My climbing partner lives in his truck. For about five months out of the year, his home is a ’99 Dodge Ram, single cab with an eight-foot bed. He charges his computer and digital camera through its cigarette lighter, and he stocks a cooler with block ice to keep eggs and milk and veggies from going bad. The cooler, he tells me, can keep food chilled under 90-degree heat for five days straight. It’s a good thing, because we’re camping in the desert and my tent (a North Face Tadpole) lacks these deluxe features.
This week, we camped near Moab, Utah in an area called Pack Creek Canyon. It was a new campsite, and as we were pulling in, the snow started falling. Instead of setting up my wimpy tent, I decided to try out sleeping in the back of the truck, which is also equipped with three-inch “memory foam” sleeping pad stacked on top of a carpet kit.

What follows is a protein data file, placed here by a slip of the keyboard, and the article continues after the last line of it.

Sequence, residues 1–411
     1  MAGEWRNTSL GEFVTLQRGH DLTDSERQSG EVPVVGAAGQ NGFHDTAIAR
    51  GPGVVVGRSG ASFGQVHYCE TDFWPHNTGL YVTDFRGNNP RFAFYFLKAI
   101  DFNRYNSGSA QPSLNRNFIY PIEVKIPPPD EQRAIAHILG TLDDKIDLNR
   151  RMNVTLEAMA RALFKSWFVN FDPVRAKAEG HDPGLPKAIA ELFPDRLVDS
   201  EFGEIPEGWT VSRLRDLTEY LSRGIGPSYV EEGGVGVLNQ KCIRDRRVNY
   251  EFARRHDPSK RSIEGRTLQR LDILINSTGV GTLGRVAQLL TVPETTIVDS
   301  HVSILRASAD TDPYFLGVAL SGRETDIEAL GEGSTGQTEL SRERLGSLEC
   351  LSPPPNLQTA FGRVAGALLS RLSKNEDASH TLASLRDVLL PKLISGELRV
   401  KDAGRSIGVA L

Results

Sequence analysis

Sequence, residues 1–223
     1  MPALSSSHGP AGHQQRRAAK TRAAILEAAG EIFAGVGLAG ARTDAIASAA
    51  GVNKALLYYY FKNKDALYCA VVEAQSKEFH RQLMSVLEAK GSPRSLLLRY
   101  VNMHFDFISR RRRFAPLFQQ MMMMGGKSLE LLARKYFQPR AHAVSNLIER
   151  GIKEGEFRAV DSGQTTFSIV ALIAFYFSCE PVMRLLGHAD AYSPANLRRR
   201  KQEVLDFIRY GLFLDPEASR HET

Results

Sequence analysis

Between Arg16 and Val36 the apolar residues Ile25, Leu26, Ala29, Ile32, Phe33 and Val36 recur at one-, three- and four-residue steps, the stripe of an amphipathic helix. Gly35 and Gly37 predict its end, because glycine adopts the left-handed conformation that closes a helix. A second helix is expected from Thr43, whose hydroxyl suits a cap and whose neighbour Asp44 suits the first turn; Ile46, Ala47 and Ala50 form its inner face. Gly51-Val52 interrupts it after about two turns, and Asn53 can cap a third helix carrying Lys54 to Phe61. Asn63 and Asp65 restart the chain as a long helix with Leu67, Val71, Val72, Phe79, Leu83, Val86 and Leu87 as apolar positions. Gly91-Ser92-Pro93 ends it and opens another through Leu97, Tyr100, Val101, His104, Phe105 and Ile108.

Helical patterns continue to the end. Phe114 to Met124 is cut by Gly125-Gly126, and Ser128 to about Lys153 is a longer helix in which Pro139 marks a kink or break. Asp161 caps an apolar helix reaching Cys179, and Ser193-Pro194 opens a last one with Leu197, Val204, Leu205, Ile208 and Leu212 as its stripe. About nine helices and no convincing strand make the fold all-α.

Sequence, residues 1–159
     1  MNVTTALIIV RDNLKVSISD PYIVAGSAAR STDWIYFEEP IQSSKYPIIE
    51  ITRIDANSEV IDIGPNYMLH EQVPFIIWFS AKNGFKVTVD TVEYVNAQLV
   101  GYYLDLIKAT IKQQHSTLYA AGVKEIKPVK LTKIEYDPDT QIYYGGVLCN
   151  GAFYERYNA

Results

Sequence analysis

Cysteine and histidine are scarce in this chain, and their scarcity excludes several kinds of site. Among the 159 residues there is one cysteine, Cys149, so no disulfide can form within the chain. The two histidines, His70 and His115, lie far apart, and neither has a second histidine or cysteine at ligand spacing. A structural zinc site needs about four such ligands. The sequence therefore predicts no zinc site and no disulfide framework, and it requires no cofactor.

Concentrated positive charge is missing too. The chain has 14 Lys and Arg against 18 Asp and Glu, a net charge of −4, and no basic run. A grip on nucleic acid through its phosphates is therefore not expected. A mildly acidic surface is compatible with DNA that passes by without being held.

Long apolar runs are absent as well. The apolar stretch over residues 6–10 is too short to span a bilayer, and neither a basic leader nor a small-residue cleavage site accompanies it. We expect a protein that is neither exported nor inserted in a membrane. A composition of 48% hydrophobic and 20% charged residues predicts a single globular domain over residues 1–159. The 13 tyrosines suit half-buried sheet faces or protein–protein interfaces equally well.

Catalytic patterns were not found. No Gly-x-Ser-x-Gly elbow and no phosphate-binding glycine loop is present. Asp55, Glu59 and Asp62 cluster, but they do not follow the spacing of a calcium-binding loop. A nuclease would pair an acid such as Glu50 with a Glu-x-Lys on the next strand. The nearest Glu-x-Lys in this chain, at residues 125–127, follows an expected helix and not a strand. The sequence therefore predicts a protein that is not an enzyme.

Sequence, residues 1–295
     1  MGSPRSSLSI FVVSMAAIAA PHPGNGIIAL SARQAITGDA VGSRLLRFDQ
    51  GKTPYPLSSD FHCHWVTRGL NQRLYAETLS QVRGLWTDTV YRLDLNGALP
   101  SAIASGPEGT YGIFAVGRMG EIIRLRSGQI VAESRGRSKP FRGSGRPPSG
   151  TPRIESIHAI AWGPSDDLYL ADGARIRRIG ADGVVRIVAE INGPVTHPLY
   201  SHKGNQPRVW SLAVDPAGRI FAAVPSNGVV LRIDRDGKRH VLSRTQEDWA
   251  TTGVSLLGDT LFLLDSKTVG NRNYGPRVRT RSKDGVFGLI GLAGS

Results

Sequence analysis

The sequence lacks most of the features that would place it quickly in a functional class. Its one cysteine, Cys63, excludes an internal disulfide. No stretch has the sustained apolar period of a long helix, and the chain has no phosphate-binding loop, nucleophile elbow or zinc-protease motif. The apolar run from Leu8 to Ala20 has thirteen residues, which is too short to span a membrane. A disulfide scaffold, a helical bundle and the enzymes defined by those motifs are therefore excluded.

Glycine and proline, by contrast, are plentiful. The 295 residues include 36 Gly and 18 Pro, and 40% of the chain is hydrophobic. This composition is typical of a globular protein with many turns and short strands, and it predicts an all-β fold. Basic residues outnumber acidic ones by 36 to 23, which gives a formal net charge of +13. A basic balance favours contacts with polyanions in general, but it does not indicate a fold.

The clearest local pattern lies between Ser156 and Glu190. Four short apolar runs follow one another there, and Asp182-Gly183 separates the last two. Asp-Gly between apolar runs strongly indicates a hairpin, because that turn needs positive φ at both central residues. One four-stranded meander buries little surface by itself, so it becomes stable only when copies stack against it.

The next morning, snow sizzled on our frying pan while we cooked breakfast burritos, but I felt unusually wide-eyed and warm. For the next three nights, I slept in the truck while water bottles froze and my tent (which we set up for gear storage) crusted over with ice.
My climbing partner, I’ve realized, is not alone with his home on wheels. His friend Bryan also spends extended periods of time sleeping in his truck, a Toyota Tacoma with an extended cab and a six-foot bed:
And last week, we ran into this rig parked at the base of a climbing area in Indian Creek. Although it’s more of a trailer than a truck, I liked its solar panel set-up…ooohhh…the possibilities…
Today, we’re heading back out to Indian Creek, and I won’t have any excuse to sleep in the truck. It’s back to the tent for me. I’ve been spoiled though, these last few nights, and when I wake up to coyotes howling, I’m going to be thinking about that memory foam while I’m turning over on my quarter-inch sleeping pad.